One question that we have to ask from all this is: what was so offensive about Paul’s gospel? And, what was so non-offensive, even self-promoting about these false-teachers’ message?

I think the obvious answer is merit: Upon whose merit are you attempting to be saved?

The false teachers preached a gospel of self-merit. It was a salvation that depended on proving yourself worthy of love and acceptance by God. It was a gospel that esteemed human willpower and morality. It was a gospel of self. And for this, these false teachers were praised (and they loved the it!), because the message boasted in its hearers. It was a message of, “You can do it! Just follow the rules!”

In contrast, Paul preached a gospel that pleaded the merit of Another. It was a gospel that despaired of human ability. It disparaged of self-will, and insulted the moral capacity of men. Instead, Paul’s gospel pleaded and hoped in the life, death, and resurrection of Jesus. It found acceptance in Christ’s righteousness, and forgiveness through Christ’s death. It was a gospel that boasted in Christ alone, through whom we die to the world and find acceptance, love, and fellowship with God (Gal 6:14).

This was what Paul was trying to highlight when he gave attention to the false teachers’ need and desire for praise. They had a man-centered gospel! And, this is why Paul highlighted his own persecution. He had a Christ-centered gospel; one that was offensive to his hearers. It was a message of offense — and Paul did not want that offense removed, even if it led to his own martyrdom (which it eventually did).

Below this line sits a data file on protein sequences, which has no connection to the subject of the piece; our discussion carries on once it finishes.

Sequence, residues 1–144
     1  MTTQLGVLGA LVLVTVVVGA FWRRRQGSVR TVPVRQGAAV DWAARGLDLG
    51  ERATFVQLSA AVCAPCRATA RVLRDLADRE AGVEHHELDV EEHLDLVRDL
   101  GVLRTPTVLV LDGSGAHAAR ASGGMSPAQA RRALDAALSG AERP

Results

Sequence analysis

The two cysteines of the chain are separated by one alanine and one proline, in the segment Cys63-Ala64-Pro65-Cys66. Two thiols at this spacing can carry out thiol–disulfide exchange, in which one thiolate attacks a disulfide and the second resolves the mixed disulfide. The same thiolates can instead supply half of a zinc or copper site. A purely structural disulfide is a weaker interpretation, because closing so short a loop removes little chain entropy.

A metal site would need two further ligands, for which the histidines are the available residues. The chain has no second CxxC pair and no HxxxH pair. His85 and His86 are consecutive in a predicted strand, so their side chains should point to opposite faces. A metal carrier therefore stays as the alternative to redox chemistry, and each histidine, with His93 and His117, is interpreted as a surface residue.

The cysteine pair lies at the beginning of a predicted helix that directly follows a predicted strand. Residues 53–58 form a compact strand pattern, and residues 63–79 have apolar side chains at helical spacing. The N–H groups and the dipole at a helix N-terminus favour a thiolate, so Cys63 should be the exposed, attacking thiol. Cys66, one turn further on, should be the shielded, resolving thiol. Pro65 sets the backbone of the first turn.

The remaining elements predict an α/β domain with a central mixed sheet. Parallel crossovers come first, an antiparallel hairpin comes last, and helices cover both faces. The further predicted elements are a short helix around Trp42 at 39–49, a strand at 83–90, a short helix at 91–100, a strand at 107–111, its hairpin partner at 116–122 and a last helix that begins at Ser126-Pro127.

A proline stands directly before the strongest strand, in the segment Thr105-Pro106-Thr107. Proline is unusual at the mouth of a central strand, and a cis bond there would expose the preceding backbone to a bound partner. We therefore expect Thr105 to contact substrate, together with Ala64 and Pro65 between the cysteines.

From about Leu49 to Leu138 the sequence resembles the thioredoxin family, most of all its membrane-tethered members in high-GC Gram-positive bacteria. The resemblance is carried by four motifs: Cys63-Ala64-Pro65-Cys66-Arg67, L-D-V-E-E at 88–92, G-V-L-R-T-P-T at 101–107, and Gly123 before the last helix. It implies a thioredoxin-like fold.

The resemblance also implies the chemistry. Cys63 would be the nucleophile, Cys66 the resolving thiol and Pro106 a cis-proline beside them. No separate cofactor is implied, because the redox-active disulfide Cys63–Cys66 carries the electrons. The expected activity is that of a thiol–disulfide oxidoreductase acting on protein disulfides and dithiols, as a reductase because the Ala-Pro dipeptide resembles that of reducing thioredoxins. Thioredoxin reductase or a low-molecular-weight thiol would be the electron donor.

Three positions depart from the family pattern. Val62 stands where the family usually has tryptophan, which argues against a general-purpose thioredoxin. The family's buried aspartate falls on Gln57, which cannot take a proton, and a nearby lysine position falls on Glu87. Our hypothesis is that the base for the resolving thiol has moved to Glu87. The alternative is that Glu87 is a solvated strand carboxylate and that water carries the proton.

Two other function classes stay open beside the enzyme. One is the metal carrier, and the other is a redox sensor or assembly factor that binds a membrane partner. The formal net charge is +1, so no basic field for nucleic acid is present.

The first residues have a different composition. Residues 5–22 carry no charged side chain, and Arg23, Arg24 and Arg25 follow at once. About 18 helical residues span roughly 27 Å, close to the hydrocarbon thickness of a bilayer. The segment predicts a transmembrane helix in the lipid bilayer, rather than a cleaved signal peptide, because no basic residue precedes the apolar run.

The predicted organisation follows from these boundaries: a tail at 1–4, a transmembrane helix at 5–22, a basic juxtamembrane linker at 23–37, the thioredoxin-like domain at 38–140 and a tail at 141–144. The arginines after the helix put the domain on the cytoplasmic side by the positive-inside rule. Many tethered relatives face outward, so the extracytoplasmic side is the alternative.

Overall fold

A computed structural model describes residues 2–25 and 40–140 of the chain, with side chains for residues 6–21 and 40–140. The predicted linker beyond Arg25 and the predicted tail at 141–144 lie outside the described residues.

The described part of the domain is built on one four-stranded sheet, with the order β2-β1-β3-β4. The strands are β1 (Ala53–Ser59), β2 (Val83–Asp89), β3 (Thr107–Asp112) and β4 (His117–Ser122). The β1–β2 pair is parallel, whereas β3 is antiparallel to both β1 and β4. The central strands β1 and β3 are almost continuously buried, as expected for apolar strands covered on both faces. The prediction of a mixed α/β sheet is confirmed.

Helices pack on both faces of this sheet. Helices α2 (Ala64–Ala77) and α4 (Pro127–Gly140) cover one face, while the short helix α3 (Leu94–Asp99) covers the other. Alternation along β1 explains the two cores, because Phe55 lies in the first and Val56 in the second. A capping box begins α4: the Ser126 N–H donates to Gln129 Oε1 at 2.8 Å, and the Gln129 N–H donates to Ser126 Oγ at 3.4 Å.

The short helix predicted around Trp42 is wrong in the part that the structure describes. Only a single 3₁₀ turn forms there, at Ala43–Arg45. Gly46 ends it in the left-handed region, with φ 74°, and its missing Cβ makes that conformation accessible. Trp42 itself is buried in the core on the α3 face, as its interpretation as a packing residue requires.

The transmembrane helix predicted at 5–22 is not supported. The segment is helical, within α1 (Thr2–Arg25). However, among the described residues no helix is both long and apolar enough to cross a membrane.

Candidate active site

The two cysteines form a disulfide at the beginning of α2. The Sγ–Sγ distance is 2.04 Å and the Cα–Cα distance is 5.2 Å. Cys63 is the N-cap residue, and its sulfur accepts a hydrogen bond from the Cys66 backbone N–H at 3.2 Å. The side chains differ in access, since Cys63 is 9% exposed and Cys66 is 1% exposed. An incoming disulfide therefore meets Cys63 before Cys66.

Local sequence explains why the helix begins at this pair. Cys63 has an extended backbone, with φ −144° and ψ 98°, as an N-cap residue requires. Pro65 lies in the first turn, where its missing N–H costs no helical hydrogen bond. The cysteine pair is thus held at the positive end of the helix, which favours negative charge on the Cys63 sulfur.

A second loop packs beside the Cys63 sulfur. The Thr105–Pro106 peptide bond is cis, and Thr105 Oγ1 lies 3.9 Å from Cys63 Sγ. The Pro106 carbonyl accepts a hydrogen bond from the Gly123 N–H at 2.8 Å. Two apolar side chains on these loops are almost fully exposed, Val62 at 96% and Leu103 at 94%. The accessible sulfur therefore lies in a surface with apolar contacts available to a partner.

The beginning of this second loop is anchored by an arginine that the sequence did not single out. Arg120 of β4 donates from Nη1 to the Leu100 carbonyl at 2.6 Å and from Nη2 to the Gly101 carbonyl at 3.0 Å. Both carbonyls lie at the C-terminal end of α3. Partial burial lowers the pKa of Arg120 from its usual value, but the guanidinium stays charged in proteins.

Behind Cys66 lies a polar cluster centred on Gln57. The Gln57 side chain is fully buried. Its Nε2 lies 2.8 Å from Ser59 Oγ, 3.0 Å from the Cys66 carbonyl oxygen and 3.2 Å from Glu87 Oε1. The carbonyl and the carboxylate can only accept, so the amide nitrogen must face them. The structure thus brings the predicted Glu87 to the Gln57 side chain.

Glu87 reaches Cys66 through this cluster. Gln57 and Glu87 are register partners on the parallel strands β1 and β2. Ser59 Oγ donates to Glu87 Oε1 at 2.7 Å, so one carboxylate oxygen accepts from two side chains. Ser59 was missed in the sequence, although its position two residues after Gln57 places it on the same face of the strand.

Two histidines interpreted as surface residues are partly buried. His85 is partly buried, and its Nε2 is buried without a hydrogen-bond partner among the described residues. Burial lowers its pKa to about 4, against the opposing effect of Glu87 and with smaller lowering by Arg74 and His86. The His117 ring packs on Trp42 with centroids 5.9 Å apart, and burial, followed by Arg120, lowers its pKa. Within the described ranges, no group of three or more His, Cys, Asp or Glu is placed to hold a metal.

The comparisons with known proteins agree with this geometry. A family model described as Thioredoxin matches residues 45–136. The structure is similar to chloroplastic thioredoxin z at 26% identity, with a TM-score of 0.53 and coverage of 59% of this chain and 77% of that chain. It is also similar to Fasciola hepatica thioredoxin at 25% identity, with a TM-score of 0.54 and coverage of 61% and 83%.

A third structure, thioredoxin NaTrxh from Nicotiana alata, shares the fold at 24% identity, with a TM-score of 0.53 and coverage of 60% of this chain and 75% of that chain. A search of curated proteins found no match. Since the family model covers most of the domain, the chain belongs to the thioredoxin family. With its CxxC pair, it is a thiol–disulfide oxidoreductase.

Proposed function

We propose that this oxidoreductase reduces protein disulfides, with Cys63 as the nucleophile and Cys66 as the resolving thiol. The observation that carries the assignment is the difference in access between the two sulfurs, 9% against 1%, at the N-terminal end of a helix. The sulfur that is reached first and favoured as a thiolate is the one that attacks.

James Boyce comments on Galatians 5:11, saying, a man-centered gospel is “part of a system that seeks to attain standing before God through merit. In opposition to this, the cross proclaims man’s complete ruin in sin, to the degree that nothing he does or can do can save him, and thus also proclaims man’s radical need for God’s grace. The natural man does not understand such teaching (1 Cor 2:14) and, in fact, hates it, because it strips away any pretense of spiritual achievement”.

Luther adds to this, saying, “God forbid, therefore, that the offense of the cross should be taken away. This would happen if we should preach what the prince of this world and his members would be glad to hear — that is, the righteousness of works”.

 

Horatius Bonar on the Great Exchange

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Bonar’s Everlasting Righteousness is by far one of my favorite books. In it is a wealth of gospel truths that will cause the soul well up in joy. Below is one of my favorite quotes from the book:

The man who believes in Jesus Christ, from the moment that he so believes, not only receives divine absolution from all guilt, but is so made legally possessor of His infinite righteousness, that all to which that righteousness entitles becomes his, and he is henceforth treated by God according to the perfection of the perfect One, as if that perfection had been his own. “As He is, so are we [even] in this world” (1 Jn 4:17), that is, even now, in our state of imperfection, though men of unclean lips, and though dwelling among a people of unclean lips. As it is elsewhere written, “There is therefore now [even now] no condemnation to them that are in Christ Jesus” (Rom 8:1). Not only are we “delivered from the wrath to come” (1 Thess 1:10); not only shall we “not come into condemnation” (Jn 5:24); not only are we “justified from all things” (Acts 13:39); but we are “made [literally, ‘we become’] the righteousness of God in him” (2 Cor 5:21).

The transaction [of Christ’s righteousness] is not one of borrowing. The perfection made over to us is given, not lent, by God. It becomes ours in law, ours for all legal ends, ours as efficaciously as if it had been from first to last our very own in deed.

Horatius Bonar, from Everlasting Righteousness

You can read another post here with insights from Bonar on the vicarious (as he puts it) sin-bearing life of Christ, and another here on Bonar’s take on the book of Revelation.

Are Christians Called to Grow in Holiness?